It’s still unclear whether the president is open to putting work requirements on citizens who are receiving federal jobless assistance, namely food stamps, amid this week’s negotiations over the debt ceiling with House Republicans.
The House Republicans visited the White House Tuesday. Various headlines have said work requirements are on the table. A close reading of the news, however, reveals that Joe Biden’s remarks are more ambiguous than reported.
What we do know, in the absence of a clear read on the president, is that work requirements used to be a no-brainer for congressional Democrats, as betraying the poor was a politically cheap way of appeasing congressional Republicans who could not, would not stop hating poor people for the fact of their poverty.
READ MORE: Kevin McCarthy demands work requirements for 'all the programs' to avoid looming debt default
If we were in another time and place in American history, I’d expect Biden to agree to put work requirements on food stamp recipients – if that’s what it took to get the Republicans to lift the borrowing cap, prevent default and spare markets the pain of hurtling over the edge of the valley of the shadow of death.
Yet here we are.
That’s worth pointing out.
According to Reuters, placing work requirements on food aid “would face stiff opposition from progressive members of Biden's Democratic Party, who have already signaled they would never support an idea they consider cruel.”
READ MORE: Food insecurity now affects almost one-third of US college students: report
The following statement, from US Senator John Fetterman, seems typical. "I didn’t come here to take food away from hungry kids, and that’s exactly what this proposal would do: a proposal that would make Scrooge blush. The Hill reported Tuesday that House Minority Leader Hakeem Jeffries told the party’s Steering and Policy Committee that “work requirements are a nonstarter.”
But this isn’t the only thing worth pointing out.
We should also point out that the more the Democrats stand against work requirements on food stamps, the more ridiculous the demand for them seems. The reason work requirements did not seem ridiculous in the past was because the Democrats accepted them as legitimate. They are no longer accepted. They are no longer legitimate. Instead, work requirements are revealed for what they’ve always been – a solution to an imaginary problem.
What imaginary problem? The Lazy Do-Nothing. You know him. You can’t possibly not know him. His image haunts all debate over social safety net programs, not just food stamps. (House Speaker Kevin McCarthy told reporters Tuesday that work requirements would be good for “all the programs.”) Why?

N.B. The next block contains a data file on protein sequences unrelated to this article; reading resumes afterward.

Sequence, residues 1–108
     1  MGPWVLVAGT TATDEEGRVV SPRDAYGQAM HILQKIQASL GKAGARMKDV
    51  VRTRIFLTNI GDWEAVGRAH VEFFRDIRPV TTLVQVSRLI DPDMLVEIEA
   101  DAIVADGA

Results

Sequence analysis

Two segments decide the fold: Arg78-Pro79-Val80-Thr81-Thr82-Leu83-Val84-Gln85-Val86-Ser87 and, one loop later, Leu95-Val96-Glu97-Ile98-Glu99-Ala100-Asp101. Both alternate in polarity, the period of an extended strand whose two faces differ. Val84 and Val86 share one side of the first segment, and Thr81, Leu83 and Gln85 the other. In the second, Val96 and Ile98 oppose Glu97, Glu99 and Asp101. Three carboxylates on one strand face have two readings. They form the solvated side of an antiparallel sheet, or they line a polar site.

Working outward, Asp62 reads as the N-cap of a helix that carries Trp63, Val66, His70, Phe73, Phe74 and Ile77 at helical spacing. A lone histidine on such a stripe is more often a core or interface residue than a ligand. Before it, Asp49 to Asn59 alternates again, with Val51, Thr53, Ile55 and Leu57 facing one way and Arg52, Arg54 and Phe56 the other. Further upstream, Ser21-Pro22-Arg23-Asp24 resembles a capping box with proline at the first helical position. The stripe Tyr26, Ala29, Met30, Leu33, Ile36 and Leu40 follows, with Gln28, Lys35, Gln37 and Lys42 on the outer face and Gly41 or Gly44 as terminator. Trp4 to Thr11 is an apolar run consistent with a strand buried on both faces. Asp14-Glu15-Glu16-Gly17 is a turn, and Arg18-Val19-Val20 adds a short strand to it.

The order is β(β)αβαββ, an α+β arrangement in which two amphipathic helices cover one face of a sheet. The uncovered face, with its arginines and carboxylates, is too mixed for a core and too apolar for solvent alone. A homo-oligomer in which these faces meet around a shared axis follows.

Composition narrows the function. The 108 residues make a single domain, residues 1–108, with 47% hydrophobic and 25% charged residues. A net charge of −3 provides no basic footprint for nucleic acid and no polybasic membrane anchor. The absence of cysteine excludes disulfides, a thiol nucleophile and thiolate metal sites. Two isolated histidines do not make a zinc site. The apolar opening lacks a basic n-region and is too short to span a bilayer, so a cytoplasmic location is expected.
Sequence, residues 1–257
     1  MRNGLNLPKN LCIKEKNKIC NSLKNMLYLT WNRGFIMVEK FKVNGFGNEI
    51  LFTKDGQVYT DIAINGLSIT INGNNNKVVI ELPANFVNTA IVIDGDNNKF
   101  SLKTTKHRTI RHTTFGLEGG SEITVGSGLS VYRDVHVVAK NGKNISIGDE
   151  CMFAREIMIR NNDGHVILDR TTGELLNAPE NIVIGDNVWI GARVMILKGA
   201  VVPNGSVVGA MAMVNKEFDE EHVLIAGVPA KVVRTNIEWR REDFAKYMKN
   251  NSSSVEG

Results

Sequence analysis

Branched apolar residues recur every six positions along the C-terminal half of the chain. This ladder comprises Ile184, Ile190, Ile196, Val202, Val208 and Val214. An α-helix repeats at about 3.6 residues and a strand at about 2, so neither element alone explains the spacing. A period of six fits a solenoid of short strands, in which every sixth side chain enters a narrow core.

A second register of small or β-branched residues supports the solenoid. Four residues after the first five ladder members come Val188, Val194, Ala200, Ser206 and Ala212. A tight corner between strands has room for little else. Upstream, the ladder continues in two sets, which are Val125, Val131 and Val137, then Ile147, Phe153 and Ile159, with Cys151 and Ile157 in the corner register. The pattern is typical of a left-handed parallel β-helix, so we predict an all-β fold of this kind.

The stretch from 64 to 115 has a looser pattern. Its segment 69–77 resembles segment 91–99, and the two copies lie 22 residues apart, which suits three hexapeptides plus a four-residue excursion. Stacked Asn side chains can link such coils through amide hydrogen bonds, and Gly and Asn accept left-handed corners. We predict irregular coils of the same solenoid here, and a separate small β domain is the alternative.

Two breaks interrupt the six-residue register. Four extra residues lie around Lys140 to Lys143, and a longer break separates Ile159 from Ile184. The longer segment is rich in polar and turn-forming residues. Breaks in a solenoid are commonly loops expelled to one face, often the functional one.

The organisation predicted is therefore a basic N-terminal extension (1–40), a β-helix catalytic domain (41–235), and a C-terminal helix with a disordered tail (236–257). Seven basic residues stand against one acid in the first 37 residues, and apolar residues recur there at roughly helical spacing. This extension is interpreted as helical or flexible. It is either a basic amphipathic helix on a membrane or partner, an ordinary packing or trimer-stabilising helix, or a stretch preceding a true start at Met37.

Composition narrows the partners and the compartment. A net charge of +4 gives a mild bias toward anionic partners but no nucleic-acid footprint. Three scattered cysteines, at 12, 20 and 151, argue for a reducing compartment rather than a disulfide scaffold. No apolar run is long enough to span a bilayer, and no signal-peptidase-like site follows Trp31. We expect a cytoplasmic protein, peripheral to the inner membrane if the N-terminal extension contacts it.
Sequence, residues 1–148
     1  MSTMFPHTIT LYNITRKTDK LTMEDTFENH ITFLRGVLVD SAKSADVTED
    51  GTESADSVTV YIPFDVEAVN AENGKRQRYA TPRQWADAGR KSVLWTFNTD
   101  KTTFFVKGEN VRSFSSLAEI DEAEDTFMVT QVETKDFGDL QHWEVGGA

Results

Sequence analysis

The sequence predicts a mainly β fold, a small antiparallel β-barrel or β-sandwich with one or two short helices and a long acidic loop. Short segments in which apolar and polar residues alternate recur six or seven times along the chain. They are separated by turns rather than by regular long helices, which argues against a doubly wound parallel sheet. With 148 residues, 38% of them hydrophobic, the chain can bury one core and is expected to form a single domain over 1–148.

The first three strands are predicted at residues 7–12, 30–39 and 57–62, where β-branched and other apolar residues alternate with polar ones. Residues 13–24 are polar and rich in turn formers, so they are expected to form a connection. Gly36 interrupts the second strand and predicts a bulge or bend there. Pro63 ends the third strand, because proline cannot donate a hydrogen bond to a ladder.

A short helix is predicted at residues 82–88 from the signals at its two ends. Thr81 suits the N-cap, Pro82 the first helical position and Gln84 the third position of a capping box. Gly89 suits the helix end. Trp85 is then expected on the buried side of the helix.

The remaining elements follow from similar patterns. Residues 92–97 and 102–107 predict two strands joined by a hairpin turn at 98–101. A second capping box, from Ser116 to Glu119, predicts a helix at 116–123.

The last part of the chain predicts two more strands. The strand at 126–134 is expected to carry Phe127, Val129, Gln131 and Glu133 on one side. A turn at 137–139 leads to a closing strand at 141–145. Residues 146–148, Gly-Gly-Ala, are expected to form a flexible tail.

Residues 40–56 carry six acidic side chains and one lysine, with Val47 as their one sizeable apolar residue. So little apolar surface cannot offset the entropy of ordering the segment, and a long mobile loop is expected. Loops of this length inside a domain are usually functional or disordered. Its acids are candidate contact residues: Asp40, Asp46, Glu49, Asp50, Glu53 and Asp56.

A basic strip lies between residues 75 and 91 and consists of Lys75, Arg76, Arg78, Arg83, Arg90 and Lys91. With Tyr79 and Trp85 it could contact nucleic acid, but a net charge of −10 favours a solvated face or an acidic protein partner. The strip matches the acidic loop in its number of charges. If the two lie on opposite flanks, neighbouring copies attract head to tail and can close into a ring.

Because, the Republicans tell us, we can’t have a society in which working people pay for lazy people. As House Whip Steve Scalise said: “That single mom that’s working two or three jobs right now to make ends meet under this tough economy, she doesn’t want to have to pay for somebody who’s sitting at home.”
We can’t have a society like that, the GOP tells us, because such a society would be unfair. Virtually everything about their position on social safety net programs (not only food stamps but also Medicaid, Medicare and Social Security) rests on the power of our collective belief in The Lazy Do-Nothing. If anything were to happen to him, the Republicans would be in serious trouble.
Which is why I’m saying there is no such thing.
It’s all makebelieve.
Do you know anyone who sits at home and does nothing? I don’t. I can’t even imagine it. Just being alive takes a degree of labor that should confound the allegation that human beings (able-bodied or not) are sitting at home and doing nothing. Just being alive has the consequence of markets arising to provide goods and services, the exchange of which generates economic activity, profits and, if we’re lucky, some variation of the common good.
But, of course, most of us do more than what’s needed to stay alive. We have jobs, we have families, we have school, we have lifetimes to build on (in youth). We take care of ourselves, we take care of each other, we labor in some kind of way. (If you have raised kids or are raising kids, you know that’s the hardest job.) Taking children to school, tending to elders, preparing meals, vacuuming up the thick layers of Goldfish crumbs from the car seats – this is all work. All of this labor generates economic activity, even profits, in one way or another.
The question should not be whether to put work requirements on food stamp recipients. That’s a phony question. They’re already working! The question should be what kind of work do the Republicans recognize as legitimate?
There is no such thing as the Lazy Do-Nothing. The Republicans don’t have anything to stand on. But more than that, once the right question is asked, they are revealed to be prejudiced against the various nobilities of work. They say they want to reward work. In fact, they want to police work. They want to ensure only certain work is rewarded. Meanwhile, the others are punished.
There was a time when the congressional Democrats were aligned with the illiberal view that only certain work was legitimate – back when the party could not succeed without the support of those who did that kind of work, that is, work that underwrote the existence of white middle-class nuclear families.
The Democrats have options now. At any rate, even those white middle-class nuclear families need help. (Hunger is a widespread social ill these days.) They don’t have to pretend that the Lazy Do-Nothing is real. They don’t have to acquiesce to the Republican Party’s sadism. They can say no. I hope they do.
READ MORE: Is Biden open to work requirements on food aid? Maybe